The debtor filed a petition for Chapter 7 bankruptcy in July 2011. The following November, the court-appointed trustee filed an adversary proceeding against the debtor’s spouse. The debtor and the defendant had previously owned real property in Costa Mesa, California as joint tenants, but the defendant had received full title via a quitclaim deed recorded by the debtor in 2009. The debtor and the defendant were married at the time of the transfer. The trustee alleged that the quitclaim deed was an intentionally fraudulent transfer.

The trustee served the defendant with requests for admissions (RFAs) in August 2012. RFAs are a type of discovery conducted during litigation, in which one party asks another to admit or deny various questions of fact. These can be used to save time later on, such as by asking a party to admit undisputed facts, but they can also put a party on record as admitting or denying issues of fact that are in dispute. If a party does not respond to a set of RFAs within a specified period of time, usually around thirty days from the date of service, the RFAs are deemed “admitted,” and the burden falls on the non-responsive party to “un-deem” the admissions. The defendant in the present case did not respond to the RFAs at all, resulting in the court adopting the trustee’s factual allegations as true. Continue reading

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The term “payday loan” refers to a financial transaction in which a lender makes an unsecured loan, usually of a relatively small amount of money, to a borrower at a high rate of interest and for a very short term. The name comes from a requirement by many lenders that borrowers repay the loan amount and interest from their next paycheck. Payday loans may present special challenges to a debtor, depending on the debtor’s circumstances and the terms of the agreement with the lender.

Payday lenders, who may also use terms like “cash advances” and “check cashing” for their business model, offer certain advantages over other forms of credit. Someone who needs money quickly, due to an emergency situation, is likely to get money far more quickly from a payday lender than from a bank. A person with a poor credit score may still be able to obtain a payday loan if they can show employment history and steady income. A typical payday loan includes the borrower’s agreement to make periodic payments to the lender, or to pay the amount back in full from a future paycheck. The borrower pays a fee to the lender that is similar to a significantly high rate of interest. The lender may require the borrower to provide a post-dated check for the total amount owed, or to provide bank account wire transfer information.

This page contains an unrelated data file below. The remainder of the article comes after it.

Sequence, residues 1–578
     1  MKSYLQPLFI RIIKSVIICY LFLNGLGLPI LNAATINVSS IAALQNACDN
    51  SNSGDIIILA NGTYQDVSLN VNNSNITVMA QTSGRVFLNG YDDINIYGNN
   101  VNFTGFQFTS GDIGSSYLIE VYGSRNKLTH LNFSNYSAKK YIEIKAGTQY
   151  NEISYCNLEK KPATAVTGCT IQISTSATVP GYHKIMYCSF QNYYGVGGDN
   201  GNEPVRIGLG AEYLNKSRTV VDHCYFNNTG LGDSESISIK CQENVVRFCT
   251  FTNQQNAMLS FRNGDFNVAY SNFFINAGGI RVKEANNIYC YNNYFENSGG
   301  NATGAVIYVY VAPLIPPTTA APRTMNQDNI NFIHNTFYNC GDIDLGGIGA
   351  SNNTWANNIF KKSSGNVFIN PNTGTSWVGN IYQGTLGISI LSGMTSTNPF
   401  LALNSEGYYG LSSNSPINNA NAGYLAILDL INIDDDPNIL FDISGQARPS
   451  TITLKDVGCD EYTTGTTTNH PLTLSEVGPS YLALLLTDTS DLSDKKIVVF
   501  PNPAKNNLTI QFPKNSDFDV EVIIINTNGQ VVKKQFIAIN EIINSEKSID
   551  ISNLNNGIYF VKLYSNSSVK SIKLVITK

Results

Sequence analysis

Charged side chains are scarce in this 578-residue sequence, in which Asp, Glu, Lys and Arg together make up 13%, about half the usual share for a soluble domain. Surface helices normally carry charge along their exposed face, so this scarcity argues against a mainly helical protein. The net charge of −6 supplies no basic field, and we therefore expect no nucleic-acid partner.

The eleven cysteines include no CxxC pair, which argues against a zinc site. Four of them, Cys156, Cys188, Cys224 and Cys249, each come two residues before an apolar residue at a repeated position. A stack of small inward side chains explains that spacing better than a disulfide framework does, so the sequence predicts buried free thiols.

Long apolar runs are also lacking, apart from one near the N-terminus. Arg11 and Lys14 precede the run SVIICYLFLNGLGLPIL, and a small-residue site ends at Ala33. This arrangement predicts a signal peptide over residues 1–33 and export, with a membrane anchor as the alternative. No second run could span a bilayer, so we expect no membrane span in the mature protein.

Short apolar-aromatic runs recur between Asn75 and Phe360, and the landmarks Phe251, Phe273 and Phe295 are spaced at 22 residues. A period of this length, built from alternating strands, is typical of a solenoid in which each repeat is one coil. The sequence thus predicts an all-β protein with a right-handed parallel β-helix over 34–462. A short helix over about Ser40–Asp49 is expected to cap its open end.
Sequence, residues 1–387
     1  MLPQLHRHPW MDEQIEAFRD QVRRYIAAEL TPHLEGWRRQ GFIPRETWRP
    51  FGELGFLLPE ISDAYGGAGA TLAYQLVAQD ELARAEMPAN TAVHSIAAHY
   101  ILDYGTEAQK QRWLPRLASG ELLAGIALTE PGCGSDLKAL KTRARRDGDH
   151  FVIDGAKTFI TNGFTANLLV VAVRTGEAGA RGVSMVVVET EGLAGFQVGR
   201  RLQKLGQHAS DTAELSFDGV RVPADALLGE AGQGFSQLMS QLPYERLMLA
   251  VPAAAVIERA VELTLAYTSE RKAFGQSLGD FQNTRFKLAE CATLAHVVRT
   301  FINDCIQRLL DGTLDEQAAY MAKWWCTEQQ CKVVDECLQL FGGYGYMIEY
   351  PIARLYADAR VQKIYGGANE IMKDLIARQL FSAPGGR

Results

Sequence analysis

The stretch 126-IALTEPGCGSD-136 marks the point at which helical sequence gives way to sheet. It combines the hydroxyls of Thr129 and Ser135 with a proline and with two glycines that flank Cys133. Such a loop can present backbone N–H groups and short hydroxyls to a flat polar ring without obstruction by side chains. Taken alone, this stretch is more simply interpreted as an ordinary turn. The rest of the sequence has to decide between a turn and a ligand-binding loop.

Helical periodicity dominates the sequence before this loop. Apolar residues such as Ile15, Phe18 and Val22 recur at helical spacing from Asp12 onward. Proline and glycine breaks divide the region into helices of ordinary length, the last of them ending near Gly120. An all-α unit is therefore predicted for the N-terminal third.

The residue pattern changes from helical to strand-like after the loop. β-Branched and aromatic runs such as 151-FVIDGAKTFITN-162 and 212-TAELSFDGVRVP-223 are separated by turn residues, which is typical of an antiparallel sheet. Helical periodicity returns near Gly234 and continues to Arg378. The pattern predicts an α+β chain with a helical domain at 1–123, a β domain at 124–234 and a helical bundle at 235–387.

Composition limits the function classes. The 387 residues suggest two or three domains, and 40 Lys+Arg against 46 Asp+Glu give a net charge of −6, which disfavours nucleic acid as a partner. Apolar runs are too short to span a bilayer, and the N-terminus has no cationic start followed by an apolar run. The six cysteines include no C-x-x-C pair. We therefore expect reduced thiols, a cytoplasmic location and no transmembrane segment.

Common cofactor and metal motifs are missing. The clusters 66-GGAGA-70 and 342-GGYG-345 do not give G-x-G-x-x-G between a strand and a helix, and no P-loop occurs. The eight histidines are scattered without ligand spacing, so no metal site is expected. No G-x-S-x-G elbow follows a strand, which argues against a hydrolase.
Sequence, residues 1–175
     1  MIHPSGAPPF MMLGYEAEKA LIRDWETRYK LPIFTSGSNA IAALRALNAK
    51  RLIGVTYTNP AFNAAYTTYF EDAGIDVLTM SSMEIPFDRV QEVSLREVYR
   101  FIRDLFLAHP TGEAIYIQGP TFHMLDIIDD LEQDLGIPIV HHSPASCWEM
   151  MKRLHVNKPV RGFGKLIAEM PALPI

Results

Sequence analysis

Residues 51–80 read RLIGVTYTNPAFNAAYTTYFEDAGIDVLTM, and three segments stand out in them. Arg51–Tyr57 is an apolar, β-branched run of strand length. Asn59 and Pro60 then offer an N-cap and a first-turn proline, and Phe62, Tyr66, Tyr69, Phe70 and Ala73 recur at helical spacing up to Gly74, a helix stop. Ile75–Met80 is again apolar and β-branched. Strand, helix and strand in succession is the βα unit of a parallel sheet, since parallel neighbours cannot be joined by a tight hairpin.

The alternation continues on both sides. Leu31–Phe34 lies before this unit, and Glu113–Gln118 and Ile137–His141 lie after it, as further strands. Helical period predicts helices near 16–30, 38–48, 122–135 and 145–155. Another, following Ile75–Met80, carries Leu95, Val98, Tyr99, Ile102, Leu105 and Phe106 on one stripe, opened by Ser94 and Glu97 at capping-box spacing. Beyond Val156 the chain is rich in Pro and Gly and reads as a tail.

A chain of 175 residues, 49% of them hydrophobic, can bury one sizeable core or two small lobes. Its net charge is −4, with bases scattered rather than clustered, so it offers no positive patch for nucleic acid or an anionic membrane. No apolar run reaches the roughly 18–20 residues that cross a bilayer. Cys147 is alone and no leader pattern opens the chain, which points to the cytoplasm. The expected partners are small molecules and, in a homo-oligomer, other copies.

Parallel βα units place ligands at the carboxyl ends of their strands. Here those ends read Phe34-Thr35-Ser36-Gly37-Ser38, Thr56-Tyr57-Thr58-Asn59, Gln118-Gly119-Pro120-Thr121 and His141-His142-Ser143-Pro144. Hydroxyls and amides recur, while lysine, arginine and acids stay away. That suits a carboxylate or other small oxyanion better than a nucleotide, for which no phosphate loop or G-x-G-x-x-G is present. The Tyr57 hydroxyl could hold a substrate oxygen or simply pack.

In a Chapter 7 or Chapter 13 bankruptcy case, payday loans are considered low-priority unsecured loans. At least two challenges may arise with regard to payday loans. The lender may challenge the dischargeability of the debt based on factors common to such loans. Additionally, if the borrower provided a postdated check to the lender, the automatic stay might not prevent the lender from collecting on the loan. Continue reading

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In a bankruptcy proceeding, a trustee may avoid transfers made, or obligations incurred, by the debtor during the two years prior to the filing date, if the transfer or obligation was actually or constructively fraudulent. 11 U.S.C. § 548(a). The Ninth Circuit recently considered whether a transfer made to pay a purported debt was constructively fraudulent, finding that the Bankruptcy Code requires courts to apply state law. In re Fitness Holdings International, Inc., No. 11-56677, slip op. (9th Cir., Apr. 30, 2013). The court articulated a procedure for evaluating a purported debt, and it held that courts have the authority to recharacterize a debt under certain circumstances.

The debtor, Fitness Holdings International (FHI), signed multiple promissory notes to its sole shareholder, Hancock Park (HP), in exchange for over $24 million in funding from 2003 to 2006. The company also received about $12 million in loans from Pacific Western Bank (PWB) in 2004, secured by FHI’s assets and guaranteed by HP. In June 2007, FHI refinanced its loans with PWB, which included favorable repayment terms and a release of HP from its guarantee. From the funds received in the refinance, FHI made a $12 million payment to HP to pay off its unsecured promissory notes. Despite these efforts, FHI filed for Chapter 11 bankruptcy in October 2008. Continue reading